the teacher instructed students to stand up with their materials and then played a different jazz song. The students began moving from desk-to-desk and the activity repeated itself. Applying the Checklist The Musical Chairs Think-Pair-Share activity required students to close read (Boyles, 2013) a poem by engaging it three times before developing and then articulating their own interpretations of its meaning(s). The teacher presented the poem and this activity so it incorporated audio, visual, and kinesthetic elements, which appealed to a variety of learners and can be analyzed using the Effective Teaching Traits checklist. Are students reading and/or communicating texts specific to the content area? In this activity, the students read the poem as a lettered text and viewed Hughes reading it. Plus, in order to annotate the poem’s devices, students had to reread it. Concerning the writing, students composed constructed responses, opinions, and commentary about the poem, which all required the use of text-based evidence. In these ways, students were reading and writing texts specific to the English language arts content area in ways that promoted disciplinary literacy. Are students using technology to collaborate? The way this activity used technology was not for direct collaboration; rather, it catalyzed collaboration. Technology was used to present Hughes’ reading of the poem, to play music specific to the time period, and present writing/discussion prompts to students. Each of these attributes used technology to contextualize the poem and was part of the activities, which supported their collaboration and understanding of the poem. Will the skill students are using or the task students are completing transfer to other content areas and/or their life outside of school? There is high transferability regarding the skills students used in this lesson that includes: (1) text analysis and interpretation, (2) use of text-based evidence in writing, and (3) sharing of opinions. In all academic subject areas and life outside of school, students are continually exposed to a variety of texts. Teaching students to annotate texts is a skill that carries over to other texts. In math, for example, students will need to annotate word problems for keywords before solving. In social studies, annotating the names of significant people and dates of historical events aids students’ comprehension. When reading an article of personal interest, students can annotate it in a way that distinguishes facts from opinions. In all these cases, annotating texts leads to students being able to identify text-based evidence that students will need to complete a task, which is a highly transferable skill. Are there high levels of student engagement? Throughout this activity, students actively participated while they annotated the text, viewed Hughes’ reading of the poem, and throughout the think-pair-share activity. For example, during the “pair” component of this activity, students were particularly eager to exchange thoughts with their partner. When crafting their responses, students offered each other ideas about the poem and text-based evidence to support those ideas. That way, when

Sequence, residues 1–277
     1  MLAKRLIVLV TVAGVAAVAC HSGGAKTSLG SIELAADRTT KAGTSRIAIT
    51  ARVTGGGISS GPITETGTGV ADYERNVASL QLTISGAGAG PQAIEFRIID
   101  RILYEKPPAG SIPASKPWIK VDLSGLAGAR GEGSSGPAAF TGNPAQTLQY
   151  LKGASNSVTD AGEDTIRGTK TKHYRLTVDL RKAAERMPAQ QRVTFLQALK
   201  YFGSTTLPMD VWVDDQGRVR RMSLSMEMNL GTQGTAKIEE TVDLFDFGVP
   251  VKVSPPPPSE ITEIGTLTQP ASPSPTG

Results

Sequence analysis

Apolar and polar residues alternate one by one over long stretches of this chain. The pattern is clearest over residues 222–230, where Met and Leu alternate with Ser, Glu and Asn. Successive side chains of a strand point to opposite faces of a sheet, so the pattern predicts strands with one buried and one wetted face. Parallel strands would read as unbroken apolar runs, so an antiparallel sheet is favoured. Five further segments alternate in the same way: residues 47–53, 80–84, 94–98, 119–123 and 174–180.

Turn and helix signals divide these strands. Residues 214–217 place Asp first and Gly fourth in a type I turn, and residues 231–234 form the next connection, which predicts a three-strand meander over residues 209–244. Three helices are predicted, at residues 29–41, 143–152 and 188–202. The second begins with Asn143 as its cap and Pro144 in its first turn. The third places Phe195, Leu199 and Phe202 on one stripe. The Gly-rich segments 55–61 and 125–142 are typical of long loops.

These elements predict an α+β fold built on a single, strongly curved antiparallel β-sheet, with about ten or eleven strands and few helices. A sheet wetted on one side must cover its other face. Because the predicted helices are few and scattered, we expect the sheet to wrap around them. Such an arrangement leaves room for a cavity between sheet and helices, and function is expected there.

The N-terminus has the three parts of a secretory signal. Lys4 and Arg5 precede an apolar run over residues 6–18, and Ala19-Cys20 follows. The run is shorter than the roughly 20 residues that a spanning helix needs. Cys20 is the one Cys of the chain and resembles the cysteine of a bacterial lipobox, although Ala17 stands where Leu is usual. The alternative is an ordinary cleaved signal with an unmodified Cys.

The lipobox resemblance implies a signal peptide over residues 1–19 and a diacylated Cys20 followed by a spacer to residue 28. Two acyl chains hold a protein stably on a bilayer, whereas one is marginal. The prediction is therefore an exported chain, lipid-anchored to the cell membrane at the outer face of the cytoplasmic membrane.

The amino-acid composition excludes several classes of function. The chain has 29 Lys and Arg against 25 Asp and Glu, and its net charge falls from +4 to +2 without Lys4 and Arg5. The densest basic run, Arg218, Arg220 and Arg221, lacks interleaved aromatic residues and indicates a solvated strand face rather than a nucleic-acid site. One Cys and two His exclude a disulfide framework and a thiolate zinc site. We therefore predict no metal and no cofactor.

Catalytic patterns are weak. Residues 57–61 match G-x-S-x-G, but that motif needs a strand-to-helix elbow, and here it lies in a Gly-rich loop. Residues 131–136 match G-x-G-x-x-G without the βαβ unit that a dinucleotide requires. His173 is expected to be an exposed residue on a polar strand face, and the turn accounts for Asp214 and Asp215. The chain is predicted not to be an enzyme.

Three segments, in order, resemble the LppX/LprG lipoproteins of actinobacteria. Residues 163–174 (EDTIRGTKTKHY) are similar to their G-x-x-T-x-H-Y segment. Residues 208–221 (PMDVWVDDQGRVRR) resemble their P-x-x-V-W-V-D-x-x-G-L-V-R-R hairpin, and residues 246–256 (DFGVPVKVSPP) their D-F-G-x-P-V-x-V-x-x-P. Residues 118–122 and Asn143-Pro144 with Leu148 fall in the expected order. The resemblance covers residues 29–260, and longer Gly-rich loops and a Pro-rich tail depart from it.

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| 62 | Reading Matters | Volume 16 • Winter 2016 | scira.org